Home Buying in 94133>Question Details

Resilientmon…, Other/Just Looking in San Francisco, CA

How many lenders do you recommend approaching? How long are pre-approvals valid? Thanks

Asked by Resilientmonkey, San Francisco, CA Sun May 15, 2011

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Dear Resilient -

I recommend that you work with the lender that your realtor recommends to you. If you have a good agent, you will end up working with an honest, experienced, and efficient lender.

It’s a group effort to make a real estate deal close well and it’s best to have a cohesive team who has experience with each other. The lender values your realtor’s referrals. The realtor does not benefit from referring you, other than the peace of mind that you and the deal are in good hands. If you have a lender already chosen, one of the first things a realtor will want to do is talk to the person to make sure they are buttoned up. Even if you are working with a large well-established bank, in the end, it's a single person who is going to take you across the finish line

Perhaps you are attracted by an incrementally lower rate you find on the Internet. Be concerned. At the 11th hour you might find that the lender can’t meet the purchase contract deadlines or somehow your approval falls apart. There are a lot of lenders who over promise and under deliver. They can be inexperienced and/or unfamiliar with San Francisco real estate. They may not be vested in our community and not care so much if the deal falls apart. In the most important transaction you will ever make – it’s not the time to work with unproven people.

Also, if you do start talking to a number of lenders, don’t allow them all to pull your credit report, which is one of the first things they will want to do. Each time that happens it has a negative effect on your credit score.

Pre-approvals should be good indefinitely with periodic updating of supporting documentation or unless rates change significantly. Your agent can help you stay on top of it.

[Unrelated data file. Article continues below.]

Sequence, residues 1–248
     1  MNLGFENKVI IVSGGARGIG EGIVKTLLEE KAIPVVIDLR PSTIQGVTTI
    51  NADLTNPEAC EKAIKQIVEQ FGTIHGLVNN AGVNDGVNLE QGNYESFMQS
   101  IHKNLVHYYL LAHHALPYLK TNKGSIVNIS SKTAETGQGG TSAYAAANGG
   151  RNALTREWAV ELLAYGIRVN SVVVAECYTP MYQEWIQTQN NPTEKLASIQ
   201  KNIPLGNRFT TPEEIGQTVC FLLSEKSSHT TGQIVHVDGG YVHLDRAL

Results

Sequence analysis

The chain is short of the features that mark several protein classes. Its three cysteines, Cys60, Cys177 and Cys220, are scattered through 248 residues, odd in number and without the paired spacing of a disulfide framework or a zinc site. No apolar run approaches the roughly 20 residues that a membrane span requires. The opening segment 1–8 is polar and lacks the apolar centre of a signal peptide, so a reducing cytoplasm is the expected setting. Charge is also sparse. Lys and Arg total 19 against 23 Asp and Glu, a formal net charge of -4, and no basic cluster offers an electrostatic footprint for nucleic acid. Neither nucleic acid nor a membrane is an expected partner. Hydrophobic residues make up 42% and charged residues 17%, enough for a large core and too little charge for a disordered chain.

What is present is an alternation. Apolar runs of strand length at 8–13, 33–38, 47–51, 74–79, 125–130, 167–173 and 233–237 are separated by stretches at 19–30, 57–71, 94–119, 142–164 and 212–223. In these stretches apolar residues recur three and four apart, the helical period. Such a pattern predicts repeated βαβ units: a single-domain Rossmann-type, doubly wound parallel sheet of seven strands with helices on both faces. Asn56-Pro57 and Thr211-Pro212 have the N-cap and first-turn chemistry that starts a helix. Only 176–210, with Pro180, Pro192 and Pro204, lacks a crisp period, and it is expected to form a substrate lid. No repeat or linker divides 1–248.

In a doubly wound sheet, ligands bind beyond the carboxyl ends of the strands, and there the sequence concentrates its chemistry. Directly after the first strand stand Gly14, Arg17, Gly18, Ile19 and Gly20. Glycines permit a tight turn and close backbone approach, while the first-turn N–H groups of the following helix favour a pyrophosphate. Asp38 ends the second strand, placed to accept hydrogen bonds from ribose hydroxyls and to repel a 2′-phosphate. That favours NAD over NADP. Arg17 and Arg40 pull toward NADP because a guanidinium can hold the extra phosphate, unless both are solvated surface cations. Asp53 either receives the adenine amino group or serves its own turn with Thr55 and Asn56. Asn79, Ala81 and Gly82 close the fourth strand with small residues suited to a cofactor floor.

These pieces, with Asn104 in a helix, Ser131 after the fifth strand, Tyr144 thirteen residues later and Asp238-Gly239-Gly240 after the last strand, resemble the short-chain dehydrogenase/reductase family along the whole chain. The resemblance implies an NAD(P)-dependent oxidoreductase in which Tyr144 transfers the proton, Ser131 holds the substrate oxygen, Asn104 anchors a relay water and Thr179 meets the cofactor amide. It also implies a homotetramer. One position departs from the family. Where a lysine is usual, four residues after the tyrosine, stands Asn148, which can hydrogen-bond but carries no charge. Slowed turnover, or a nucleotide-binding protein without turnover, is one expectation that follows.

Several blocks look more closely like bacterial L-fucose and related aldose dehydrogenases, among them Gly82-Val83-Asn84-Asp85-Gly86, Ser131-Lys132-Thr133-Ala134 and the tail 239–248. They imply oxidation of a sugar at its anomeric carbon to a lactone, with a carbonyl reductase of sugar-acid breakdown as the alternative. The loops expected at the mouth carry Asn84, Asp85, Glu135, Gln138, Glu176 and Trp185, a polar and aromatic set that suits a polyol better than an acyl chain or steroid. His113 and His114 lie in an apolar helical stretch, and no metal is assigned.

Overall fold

My final advice - consult your realtor! If I can be of any help, let me know.

Kim Barnes, Realtor, A Top Producer
Hill & Co Real Estate
415-730-2593 Cell
415 935-1546 Google Voice
415-202-2432 Fax
www. kimbarnes.net
0 votes Thank Flag Link Sun May 15, 2011
I agree with the others 60-90 days. As for how many to shop, I found excellent advice in this woman's book http://www.askcarolynwarren.com (now a bit dated, but still a good read) it is called "Mortgage Ripoffs and Money Savers". She recommended calling 2 direct lenders and 1 mortgage broker.

My advice is to just call one right now - get your pre-approval, and start house hunting. When you find a home you want to offer on, get an updated pre-approval from that one lender to present with your offer. Once in contract, then call as many lenders and mortgage brokers as you feel is needed until you find the lender with the best rates, best program, and who gives you the most confidence. Of course I do 100% agree with Kim's advice that your Realtor should have a lender (or 3 as Lance suggests) who are likely to be that person - and it is ideal when that happens because as Kim points out, this requires team work and communication, and transactions can blow up when a lender drops the ball. We Realtors have spent time weeding out the bad ones, and only working with the ones we know will get the job done.

But because loans do still blow up, if you have ANY concern that might happen, I recommend you take the precaution of doing two loan applications with different lenders. If one blows up, you have the other to fall back on. This will cost you extra money because you will likely have to pay out of pocket for the appraisal you don't use, and there may be an application or credit fee. And I recommend that you make both lenders aware that you are doing two applications so there are no surprises at the end. It isn't fun to do all that work and not get the business, but so many loans blow up these days that didn't happen a few years ago, that steps like these are often becoming necessities.

Good lcuk!!!
Web Reference: http://www.SFisHOME.com
1 vote Thank Flag Link Mon May 16, 2011
Thank you for all of your responses.
0 votes Thank Flag Link Wed May 18, 2011
Pre-approvals from a lending standpoint are usually good for about 90 days. However, when making offers and attaching your pre-approval letter most sellers (especially owning banks of REO properties) want to see a very recent pre-approval. You can typically obtain updated approval letters from your lender as needed.